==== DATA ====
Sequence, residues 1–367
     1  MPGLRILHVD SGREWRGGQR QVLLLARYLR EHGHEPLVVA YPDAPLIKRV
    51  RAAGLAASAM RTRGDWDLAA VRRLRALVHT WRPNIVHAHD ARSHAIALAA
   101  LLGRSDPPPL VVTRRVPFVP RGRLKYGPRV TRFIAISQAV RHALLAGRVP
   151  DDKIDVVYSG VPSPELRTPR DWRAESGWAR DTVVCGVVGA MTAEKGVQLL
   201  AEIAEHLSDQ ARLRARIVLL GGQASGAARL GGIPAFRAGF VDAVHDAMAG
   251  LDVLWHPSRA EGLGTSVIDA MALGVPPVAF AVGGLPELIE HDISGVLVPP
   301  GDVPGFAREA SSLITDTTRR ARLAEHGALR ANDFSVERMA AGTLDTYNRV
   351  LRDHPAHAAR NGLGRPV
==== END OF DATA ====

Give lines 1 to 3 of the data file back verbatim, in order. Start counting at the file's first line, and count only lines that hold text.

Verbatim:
Sequence, residues 1–367
     1  MPGLRILHVD SGREWRGGQR QVLLLARYLR EHGHEPLVVA YPDAPLIKRV
    51  RAAGLAASAM RTRGDWDLAA VRRLRALVHT WRPNIVHAHD ARSHAIALAA